Selections from Society for Science-Based Medicine Points of Interest, a daily compendium of links of interest with comments.
Not every article and study that pops up my feeds in the world of pseudo-medicine is worthy of a complete blog post. But they need to be noticed and commented upon. Duty Calls.
What’s the harm
We always begin with harm. Many pseudo-medicines have the unique combination of no potential benefit and only the potential for harm, unlike the alternative assertions by pseudo-medicine providers that their interventions have only benefits and no harm. At the forefront of the only harm not benefit approach is chiropractic. So I assume, as usual, chiropractors will ignore “Adverse events associated with the use of cervical spine manipulation or mobilization and patient characteristics: A systematic review” (emphasis added):
Most patients were treated by chiropractors (66%). Manipulation was reported in 95% of the cases, and neck pain was the most frequent indication. Cervical arterial dissection (CAD) was reported in 57% (P = 0.21) of the cases and 45.8% had immediate onset symptoms
Of course, association is not causation and chiropractors suggest that the cervical arterial dissection was already in progress when their patients sought care, which begs the question, why can’t chiropractors recognize the cervical arterial dissection and why would they treat CAD with manipulation? So either chiropractors have no idea what they are are doing or they are causing CAD. I wonder which conclusion chiropractors would prefer? As I think about, the two are not mutually exclusive.
The article also suggests that:
There seems to be under-reporting of cases.
Many hospitals have stroke programs. Some researcher should insert a few questions about neck manipulation in to the voluminous data that is already being collected. It may give an interesting clue as to the frequency of chiropractic associated CAD and stroke.
From the perspective of an infectious disease doctor, the world is covered in microorganisms, most of them non-pathogenic. But organic material is often covered in bacteria and mold and that can have serious consequences: “Contaminated medical marijuana believed to have killed cancer patient.” The patient, 1 of 5, died of a rare fungal infection. Which fungus I cannot tell. The link in one article points to Candida auris, but I cannot find a specific organism mentioned. I would expect Aspergillus or Penicillium, but who knows.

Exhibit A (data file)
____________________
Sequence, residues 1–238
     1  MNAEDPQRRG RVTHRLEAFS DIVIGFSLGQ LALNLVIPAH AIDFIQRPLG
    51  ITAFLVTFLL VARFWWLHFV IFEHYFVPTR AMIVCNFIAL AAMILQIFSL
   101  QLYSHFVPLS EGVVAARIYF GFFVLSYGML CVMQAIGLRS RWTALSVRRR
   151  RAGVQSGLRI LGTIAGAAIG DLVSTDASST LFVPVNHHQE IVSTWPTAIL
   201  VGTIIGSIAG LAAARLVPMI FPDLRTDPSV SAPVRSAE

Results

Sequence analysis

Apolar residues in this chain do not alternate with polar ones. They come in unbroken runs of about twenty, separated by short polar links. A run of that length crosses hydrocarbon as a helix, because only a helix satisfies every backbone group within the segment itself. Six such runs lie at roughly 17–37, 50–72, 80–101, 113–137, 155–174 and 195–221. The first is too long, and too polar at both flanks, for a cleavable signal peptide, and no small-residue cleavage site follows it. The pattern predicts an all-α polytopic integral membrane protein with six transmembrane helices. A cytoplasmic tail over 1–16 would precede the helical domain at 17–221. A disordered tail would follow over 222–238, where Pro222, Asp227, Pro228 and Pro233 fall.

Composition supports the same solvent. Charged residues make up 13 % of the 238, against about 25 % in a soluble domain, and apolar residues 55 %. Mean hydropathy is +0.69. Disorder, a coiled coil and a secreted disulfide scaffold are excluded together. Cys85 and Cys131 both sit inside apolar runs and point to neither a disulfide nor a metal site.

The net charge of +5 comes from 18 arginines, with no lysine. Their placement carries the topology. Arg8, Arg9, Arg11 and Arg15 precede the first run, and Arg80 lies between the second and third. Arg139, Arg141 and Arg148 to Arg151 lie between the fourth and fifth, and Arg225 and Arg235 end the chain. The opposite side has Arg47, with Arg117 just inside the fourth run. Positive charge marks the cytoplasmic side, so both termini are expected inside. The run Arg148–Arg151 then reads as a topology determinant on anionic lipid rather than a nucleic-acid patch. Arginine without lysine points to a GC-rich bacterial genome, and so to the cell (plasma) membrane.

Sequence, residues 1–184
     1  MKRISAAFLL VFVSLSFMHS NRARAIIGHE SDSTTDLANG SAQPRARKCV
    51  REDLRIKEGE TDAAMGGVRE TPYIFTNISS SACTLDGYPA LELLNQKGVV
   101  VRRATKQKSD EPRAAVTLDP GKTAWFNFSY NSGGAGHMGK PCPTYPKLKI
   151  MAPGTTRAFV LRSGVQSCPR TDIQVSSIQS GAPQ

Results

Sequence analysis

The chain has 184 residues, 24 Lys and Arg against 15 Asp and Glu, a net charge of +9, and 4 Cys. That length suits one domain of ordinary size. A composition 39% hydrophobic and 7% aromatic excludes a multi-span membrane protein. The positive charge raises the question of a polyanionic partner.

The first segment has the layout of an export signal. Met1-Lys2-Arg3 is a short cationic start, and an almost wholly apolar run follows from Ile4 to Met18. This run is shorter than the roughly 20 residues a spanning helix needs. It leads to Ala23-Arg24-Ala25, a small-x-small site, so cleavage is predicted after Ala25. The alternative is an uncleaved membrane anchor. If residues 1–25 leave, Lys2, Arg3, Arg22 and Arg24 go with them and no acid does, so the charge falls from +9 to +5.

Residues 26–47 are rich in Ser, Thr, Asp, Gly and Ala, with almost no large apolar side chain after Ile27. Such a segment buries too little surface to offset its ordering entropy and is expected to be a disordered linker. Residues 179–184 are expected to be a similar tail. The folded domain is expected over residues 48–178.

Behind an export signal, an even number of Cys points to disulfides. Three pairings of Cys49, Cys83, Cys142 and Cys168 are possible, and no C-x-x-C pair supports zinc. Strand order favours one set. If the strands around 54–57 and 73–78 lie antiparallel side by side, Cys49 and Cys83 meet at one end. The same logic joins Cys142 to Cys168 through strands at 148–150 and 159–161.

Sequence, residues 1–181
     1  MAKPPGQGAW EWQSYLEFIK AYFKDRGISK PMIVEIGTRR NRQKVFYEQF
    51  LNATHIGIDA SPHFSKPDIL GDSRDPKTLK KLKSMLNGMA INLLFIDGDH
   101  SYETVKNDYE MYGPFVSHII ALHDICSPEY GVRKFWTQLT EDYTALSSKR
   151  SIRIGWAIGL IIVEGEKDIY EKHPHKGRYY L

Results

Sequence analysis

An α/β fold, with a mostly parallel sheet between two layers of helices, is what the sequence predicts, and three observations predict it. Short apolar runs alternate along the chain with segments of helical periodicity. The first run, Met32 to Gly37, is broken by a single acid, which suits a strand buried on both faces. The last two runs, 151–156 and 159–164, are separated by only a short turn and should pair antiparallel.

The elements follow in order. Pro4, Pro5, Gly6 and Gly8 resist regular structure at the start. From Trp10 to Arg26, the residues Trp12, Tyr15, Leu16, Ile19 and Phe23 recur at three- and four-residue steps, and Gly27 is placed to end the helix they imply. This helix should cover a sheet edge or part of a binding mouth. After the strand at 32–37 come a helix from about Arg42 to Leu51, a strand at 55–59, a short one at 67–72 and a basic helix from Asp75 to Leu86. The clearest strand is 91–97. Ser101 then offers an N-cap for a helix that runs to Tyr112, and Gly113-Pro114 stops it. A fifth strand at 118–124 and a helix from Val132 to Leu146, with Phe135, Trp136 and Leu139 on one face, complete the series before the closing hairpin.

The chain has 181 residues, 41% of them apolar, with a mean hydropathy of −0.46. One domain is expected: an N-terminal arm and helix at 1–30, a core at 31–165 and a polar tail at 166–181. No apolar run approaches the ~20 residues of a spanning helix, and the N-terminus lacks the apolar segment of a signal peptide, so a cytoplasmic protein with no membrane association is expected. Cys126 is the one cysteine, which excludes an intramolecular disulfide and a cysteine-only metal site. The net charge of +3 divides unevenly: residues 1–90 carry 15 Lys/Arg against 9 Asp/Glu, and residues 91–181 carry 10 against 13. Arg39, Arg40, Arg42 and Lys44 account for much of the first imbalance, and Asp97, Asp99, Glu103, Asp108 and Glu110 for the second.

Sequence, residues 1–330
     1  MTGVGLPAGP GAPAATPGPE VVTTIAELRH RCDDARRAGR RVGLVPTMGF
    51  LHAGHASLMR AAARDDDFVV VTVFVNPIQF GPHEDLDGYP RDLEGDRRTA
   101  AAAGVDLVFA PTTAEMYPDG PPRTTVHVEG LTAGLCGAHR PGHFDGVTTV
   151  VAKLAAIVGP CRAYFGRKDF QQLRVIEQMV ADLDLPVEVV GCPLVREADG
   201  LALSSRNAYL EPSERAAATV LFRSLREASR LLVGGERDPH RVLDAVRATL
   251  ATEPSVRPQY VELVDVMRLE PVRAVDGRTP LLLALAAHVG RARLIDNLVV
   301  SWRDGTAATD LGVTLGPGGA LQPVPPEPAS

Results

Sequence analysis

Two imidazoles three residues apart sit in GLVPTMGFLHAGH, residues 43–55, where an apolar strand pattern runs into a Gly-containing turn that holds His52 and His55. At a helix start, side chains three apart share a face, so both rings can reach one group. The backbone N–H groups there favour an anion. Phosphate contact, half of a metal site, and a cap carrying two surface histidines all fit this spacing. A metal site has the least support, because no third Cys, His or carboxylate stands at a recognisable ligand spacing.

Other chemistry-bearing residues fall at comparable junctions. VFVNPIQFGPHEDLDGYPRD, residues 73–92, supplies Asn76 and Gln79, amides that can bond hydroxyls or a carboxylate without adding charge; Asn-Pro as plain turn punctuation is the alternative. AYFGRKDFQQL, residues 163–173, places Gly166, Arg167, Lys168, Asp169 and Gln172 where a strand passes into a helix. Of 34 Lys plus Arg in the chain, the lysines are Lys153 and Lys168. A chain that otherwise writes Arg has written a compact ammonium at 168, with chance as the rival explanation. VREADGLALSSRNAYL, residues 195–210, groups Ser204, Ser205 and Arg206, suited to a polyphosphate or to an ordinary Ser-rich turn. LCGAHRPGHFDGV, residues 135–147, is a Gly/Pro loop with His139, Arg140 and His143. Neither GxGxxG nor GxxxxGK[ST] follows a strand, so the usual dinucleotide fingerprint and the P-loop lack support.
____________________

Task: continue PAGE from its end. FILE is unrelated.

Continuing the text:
Inhale the joint and with it comes the mold on the leaves.
The marijuana isn’t contaminated; to be a plant, especially a dead plant, is to be covered with mold. Contaminated suggests that the marijuana accidentally or deliberately acquired the mold. Marijuana is no more contaminated than the usual mulch pile. It’s perfectly natural that:
The team also commonly found fungi and bacteria in the products.
‘It’s pretty startling just how dirty a lot of this stuff is,’ LaFrate said.
One quote was of zero help:
Dr. Michael Hirt specializes in integrative medicine and says that the fungus that was in the man’s body was equivalent to what is on rodent droppings.
I have no idea what that could refer to. Penicillium marneffei? Got me.
Bottom line? Brownies may be the way to go.
No real harm except aesthetic: A “London woman releases images of bump after tumour removal.” She was diagnosed with a fibroid and decided to treat it with with herbal medicines, acupuncture and exercises. Over the years the fibroid grew to 6 lbs and she looked like she was expecting. Fortunately fibroids are benign, so minimal harm except to her bank account as I suppose she will have to get a new, nonmaternity, wardrobe.
Hopefully the herbs were the safe kind; in the US we never really know what is in herbal products. In Australia they have a similar problem. “What risks do herbal products pose to the Australian community?” Many.
Some traditional herbal preparations contain heavy metals and toxic chemicals, as well as naturally occurring organic toxins. The effects of these substances can be dire, including acute hepatic and renal failure, exacerbation of pre-existing conditions and diseases, and even death. The content and quality of herbal preparations are not tightly controlled, with some ingredients either not listed or their concentrations recorded inaccurately on websites or labels. Herbal products may also include illegal ingredients, such as ephedra, Asarum europaeum (European wild ginger) and endangered animal species (eg, snow leopard). An additional problem is augmentation with prescription medications to enhance the apparent effectiveness of a preparation. Toxic substances may also be deliberately or inadvertently added: less expensive, more harmful plants may be substituted for more expensive ingredients, and processing may not be adequate. The lack of regulation and monitoring of traditional herbal preparations in Australia and other Western countries means that their contribution to illness and death is unknown.
That sounds worse than Twinkies.
You might remember a few weeks back the brouhaha over the antivaccine screed by the Cleveland Clinic’s Daniel Neides, M.D., medical director and chief operating officer of the Cleveland Clinic Wellness Institute. Dr Neides is part of the staff the Cleveland Clinic Center for Integrative & Lifestyle Medicine staff, purveyors of a wide variety of pseudo-medicines.